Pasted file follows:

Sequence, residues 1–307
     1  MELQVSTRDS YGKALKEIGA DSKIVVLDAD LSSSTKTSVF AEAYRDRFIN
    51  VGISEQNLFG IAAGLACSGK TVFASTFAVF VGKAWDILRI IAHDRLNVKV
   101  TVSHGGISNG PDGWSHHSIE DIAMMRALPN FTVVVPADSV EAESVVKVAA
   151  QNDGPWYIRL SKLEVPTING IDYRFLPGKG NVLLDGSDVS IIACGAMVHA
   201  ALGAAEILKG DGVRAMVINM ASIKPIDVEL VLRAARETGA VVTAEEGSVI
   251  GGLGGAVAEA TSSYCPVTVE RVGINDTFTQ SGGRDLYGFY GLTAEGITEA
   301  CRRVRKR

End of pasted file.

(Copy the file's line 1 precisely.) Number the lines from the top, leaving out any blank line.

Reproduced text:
Sequence, residues 1–307